Last week we were very kindly given a couple of haunches of venison from the local chasse (hunters).Talk about local, they might even have been living in our garden. We see them quite often here but only for a split second before they shyly scarper away. Wild deer are extremely timid creatures.
Venison is such a wonderfully lean and incredibly flavoursome meat, I love it. With haunch number one I removed most of the fabulous meat, cut it into 4 cm cubes and left it to marinade for a couple of nights in red wine, brandy, juniper, bay, thyme and plenty of black pepper, before slowly braising in the marinade with carrots, onions, garlic, celery and lardons. The remaining scrags of meat and bone were braised in more red wine and veggies and greedily enjoyed that evening with a pile of buttery mash. Haunch number two is in the freezer awaiting inspiration.
I often use juniper berries as a flavouring with game. For this dish I use them loose as part of the marinade then tie them in a piece of muslin for the cooking, so as to extract maximum flavour without the risk of accidentally eating one which is not a particularly pleasant experience.
Enough for 4 grown ups, or a family of 4 with a few leftovers:
a kilo of venison shoulder, haunch or leg meat, cut into 4cm cubes
400ml of red wine
3 tablespoons of brandy
10 juniper berries
4 sprigs of thyme
3 bay leaves
a large pinch of sea salt
a teaspoon of roughly ground black pepper
a tablespoon of plain flour
2 tablespoons of olive oil
200g of lardons or streaky bacon
an onion, diced
3 cloves of garlic, finely sliced
2 carrots, sliced
2 celery sticks, sliced
400ml of good quality beef stock
a little chopped fresh parsley to serve
Firstly marinade your meat, at least overnight, maybe for two nights if you have the time. Place the venison pieces in a large bowl with the red wine, brandy, juniper berries, thyme (leave the sprigs whole), bay leaves, salt and pepper. Stir everything around a little, cover and place in the fridge to marinade.
When it’s time to braise, drain the meat from the marinade, making sure you retain all the lovely liquor. Set aside the marinade and dry the venison on some kitchen roll. Coat the meat in the tablespoon of plain flour. Tie the juniper berries in a small square of muslin if you have any.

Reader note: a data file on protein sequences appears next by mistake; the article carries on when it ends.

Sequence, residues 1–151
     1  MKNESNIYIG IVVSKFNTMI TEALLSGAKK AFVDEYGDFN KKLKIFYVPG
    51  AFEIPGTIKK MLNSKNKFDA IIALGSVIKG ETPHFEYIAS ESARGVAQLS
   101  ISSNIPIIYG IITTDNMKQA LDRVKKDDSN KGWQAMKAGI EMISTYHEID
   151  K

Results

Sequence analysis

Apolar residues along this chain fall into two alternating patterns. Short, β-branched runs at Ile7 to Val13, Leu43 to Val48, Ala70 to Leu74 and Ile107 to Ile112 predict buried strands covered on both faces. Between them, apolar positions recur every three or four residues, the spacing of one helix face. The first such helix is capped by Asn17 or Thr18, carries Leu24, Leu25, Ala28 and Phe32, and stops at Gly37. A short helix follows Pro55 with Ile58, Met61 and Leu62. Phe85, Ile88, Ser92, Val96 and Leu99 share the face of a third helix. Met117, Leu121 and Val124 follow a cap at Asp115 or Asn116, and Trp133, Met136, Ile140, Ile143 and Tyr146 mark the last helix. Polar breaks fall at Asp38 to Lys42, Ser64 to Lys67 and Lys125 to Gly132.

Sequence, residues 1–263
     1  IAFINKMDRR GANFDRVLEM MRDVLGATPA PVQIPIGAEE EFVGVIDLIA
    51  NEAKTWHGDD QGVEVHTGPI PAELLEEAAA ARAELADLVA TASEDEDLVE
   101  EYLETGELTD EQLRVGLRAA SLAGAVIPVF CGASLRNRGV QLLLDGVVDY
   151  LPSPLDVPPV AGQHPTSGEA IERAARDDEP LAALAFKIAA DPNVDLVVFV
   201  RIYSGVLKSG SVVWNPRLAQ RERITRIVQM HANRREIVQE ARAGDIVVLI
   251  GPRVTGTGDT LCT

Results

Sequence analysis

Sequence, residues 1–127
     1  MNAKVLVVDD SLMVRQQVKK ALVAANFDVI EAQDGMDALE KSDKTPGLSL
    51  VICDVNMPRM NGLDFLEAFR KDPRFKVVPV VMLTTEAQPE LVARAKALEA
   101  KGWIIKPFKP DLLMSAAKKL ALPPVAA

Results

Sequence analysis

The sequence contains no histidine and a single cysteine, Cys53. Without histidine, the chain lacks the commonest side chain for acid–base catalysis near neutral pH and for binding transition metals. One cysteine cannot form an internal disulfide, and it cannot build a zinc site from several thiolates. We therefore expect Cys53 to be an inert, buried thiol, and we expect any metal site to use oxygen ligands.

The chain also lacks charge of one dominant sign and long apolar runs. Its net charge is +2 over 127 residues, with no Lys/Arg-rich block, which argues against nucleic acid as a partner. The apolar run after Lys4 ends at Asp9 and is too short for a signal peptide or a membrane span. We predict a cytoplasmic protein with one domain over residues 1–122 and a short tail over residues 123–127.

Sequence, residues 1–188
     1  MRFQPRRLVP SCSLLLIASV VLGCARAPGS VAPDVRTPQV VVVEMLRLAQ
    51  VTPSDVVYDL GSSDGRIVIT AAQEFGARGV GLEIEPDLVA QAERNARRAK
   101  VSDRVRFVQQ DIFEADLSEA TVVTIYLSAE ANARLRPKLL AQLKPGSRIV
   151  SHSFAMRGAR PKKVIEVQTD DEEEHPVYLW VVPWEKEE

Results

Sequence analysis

Heat two tablespoons of olive oil in a large casserole dish until very hot. Add the meat to the pan and brown on all sides. You may need to do this in a couple of batches. Once browned remove from the pan with a slotted spoon and set aside.
Lower the heat and add the lardons or streaky bacon, diced onion, garlic, carrots and celery to the same pan. Add a dash more olive oil if there wasn’t much left after cooking the meat. Cook on a low heat for 10 minutes, stirring frequently.
Reintroduce the venison to the pan, along with marinade liquor, herbs and muslin juniper parcel. Bring to a simmer before pouring in the stock.
Bring back to a simmer and allow to cook on a very gentle heat for two to two and a half hours, until the meat is extremely tender. Have a final taste check and add more salt and pepper to suit. Don’t forget to remove the bay leaves, thyme sprigs and juniper bundle (if used).
Serve with a sprinkling of fresh parsley over the top. Braised venison is particularly great served with my Boulangere Potatoes (made with thyme) and a simple steamed green veggie.
If you liked this, have you tried my Beef in Guinness, Pot Roast Chicken in a Lardon, White Wine & Creme Fraiche Sauce, The Best Chilli on Carne ever, or Coq au Vin recipes?